What is a Land Title Certificate
Why You Should Always Pull a Land (Property) Title Search
Basic information on a property title will include:
- The current owners' name: In the event of an estate sale, probate may or may not have been completed and your real estate agent will ensure the person selling the property does have power of attorney. In the event, there is only one person on the title in a marriage, a dower consent will also be needed to complete the sale.
- The Legal description: The municipal or mailing address is different from the legal description and includes a block, lot and Plan number.
- The amount of the last mortgage, any second or third mortgages or the original purchase amount at the time of purchase or there may be a nominal fee.
Other things which can be revealed on a property title search may include:
- Outstanding or owing property taxes, special assessments, delinquent condominium fees which have not been paid by the seller.
- Outstanding creditors including other financial institutions and businesses for things like unpaid vehicle loans, furniture stores, construction loans, personal loans, etc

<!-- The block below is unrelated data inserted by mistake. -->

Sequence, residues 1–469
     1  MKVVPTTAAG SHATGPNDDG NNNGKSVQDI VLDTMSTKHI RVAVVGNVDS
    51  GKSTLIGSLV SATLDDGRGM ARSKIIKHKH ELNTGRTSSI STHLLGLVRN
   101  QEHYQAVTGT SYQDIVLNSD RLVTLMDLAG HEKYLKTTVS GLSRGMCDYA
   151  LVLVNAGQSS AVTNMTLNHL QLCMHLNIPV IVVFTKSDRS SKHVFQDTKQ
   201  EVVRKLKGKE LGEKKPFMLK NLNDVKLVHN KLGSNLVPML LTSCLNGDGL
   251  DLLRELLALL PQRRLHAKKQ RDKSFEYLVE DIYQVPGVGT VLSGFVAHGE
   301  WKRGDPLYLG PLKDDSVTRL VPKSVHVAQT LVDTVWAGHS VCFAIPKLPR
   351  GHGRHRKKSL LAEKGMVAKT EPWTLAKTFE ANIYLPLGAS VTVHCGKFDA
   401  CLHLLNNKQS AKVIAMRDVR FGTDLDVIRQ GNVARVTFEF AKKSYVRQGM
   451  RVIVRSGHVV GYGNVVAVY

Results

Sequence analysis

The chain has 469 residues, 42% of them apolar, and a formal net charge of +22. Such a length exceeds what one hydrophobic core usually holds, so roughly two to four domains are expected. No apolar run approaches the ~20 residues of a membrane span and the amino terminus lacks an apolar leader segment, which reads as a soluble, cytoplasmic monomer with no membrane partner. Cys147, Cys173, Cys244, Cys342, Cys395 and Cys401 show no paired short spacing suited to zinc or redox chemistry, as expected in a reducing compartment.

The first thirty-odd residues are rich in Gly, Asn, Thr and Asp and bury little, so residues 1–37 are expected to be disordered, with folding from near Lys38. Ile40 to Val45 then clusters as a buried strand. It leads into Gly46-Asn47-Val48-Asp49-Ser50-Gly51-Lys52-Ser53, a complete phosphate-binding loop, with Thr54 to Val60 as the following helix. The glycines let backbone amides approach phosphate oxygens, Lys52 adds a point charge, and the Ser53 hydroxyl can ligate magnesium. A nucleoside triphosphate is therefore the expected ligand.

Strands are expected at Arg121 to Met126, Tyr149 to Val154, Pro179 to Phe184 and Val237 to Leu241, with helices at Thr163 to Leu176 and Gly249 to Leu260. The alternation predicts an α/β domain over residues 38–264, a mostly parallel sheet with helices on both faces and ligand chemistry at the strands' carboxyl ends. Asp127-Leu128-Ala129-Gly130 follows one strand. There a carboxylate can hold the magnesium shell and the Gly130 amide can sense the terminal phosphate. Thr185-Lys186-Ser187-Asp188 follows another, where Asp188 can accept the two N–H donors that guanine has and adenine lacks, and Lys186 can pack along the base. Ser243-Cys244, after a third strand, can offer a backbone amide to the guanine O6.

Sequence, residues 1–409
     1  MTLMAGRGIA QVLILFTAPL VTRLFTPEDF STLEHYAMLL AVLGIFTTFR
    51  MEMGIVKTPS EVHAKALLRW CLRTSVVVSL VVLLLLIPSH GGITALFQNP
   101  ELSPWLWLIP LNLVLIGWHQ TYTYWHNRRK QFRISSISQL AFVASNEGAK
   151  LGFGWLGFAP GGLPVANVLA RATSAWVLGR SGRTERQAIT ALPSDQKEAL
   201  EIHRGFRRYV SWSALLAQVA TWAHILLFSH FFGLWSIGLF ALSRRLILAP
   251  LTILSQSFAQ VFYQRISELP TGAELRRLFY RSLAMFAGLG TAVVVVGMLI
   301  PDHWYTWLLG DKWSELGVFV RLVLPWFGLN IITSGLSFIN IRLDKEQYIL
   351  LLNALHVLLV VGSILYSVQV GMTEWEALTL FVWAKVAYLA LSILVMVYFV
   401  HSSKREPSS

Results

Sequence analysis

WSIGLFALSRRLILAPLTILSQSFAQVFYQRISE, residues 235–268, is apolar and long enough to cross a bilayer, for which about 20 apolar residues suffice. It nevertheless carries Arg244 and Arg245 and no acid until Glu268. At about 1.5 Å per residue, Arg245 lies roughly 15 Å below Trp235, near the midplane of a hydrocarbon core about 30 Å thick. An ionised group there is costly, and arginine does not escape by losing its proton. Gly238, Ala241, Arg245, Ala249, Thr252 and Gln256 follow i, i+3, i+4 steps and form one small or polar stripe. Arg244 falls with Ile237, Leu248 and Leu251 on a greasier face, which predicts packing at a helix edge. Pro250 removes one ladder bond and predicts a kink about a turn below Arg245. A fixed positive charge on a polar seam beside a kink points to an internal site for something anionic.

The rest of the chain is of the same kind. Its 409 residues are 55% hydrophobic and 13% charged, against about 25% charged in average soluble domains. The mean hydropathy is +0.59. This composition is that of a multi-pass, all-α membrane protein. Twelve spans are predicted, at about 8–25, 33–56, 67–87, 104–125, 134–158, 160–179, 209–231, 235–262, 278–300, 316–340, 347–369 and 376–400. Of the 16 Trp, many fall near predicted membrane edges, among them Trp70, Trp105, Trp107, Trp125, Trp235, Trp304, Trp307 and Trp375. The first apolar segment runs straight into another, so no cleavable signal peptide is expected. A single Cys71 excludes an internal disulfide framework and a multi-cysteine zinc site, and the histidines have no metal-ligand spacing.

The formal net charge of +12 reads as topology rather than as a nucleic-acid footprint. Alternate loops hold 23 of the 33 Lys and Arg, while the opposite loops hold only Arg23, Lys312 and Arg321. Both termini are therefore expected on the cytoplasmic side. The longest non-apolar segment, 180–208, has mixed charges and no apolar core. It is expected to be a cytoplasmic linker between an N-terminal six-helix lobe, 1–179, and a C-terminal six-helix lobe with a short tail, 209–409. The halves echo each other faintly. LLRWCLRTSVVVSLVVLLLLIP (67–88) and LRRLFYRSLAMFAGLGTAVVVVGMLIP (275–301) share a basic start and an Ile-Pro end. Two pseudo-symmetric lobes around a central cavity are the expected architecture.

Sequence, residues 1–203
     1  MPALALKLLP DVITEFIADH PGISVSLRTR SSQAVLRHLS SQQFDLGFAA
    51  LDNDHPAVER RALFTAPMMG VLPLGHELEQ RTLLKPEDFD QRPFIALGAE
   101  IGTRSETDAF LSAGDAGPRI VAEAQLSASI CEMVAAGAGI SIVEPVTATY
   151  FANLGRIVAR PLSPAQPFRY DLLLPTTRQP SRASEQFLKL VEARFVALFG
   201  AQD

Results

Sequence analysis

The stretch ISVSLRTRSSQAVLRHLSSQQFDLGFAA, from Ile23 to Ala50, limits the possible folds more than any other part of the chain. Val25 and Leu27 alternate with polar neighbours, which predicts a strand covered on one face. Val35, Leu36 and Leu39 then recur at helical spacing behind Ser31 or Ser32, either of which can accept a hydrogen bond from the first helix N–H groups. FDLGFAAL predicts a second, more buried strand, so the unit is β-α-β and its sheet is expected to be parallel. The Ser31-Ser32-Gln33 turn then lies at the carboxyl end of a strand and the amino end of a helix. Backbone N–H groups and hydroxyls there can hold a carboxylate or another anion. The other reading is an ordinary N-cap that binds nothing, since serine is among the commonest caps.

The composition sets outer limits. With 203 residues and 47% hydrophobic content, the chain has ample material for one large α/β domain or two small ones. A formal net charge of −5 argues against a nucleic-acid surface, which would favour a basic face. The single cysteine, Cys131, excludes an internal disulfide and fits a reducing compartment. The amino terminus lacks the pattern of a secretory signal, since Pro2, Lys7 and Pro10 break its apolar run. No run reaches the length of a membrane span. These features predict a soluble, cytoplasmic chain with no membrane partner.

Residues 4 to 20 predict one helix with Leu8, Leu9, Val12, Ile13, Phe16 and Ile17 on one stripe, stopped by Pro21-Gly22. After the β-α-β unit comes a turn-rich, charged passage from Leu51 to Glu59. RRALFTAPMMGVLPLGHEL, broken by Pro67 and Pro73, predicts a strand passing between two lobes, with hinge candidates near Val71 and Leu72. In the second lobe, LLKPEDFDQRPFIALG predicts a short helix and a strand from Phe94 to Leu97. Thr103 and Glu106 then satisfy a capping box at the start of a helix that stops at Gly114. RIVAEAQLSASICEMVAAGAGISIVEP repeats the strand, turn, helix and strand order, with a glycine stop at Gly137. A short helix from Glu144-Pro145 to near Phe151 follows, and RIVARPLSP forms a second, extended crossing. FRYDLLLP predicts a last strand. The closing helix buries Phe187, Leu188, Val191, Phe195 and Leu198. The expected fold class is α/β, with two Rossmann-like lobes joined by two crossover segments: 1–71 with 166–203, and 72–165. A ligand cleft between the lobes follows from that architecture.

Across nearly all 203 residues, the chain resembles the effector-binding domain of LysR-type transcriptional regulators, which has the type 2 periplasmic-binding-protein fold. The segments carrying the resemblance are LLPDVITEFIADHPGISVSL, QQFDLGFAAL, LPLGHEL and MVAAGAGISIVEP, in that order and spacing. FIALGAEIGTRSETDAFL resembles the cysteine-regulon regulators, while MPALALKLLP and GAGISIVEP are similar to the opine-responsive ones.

- A lis pendens, which is normally added by a lawyer during divorce procedures and "freezes" the transfer of a property until all parties are satisfied.
- Easements and Liens from a third party, such as the municipality, utility company or Environmental liens, who may have rights to use part of your property.
- Covenants are restrictions on the land that can limit what can be built on it, where it can be built and from what materials it may be built. Breaching a covenant can have serious consequences so it is necessary to be aware of any covenants on your property.
It is important to pull the land title certifictae prior to writing an offer. If you wait until you go in to sign with your lawyer, it can cause closing delays.
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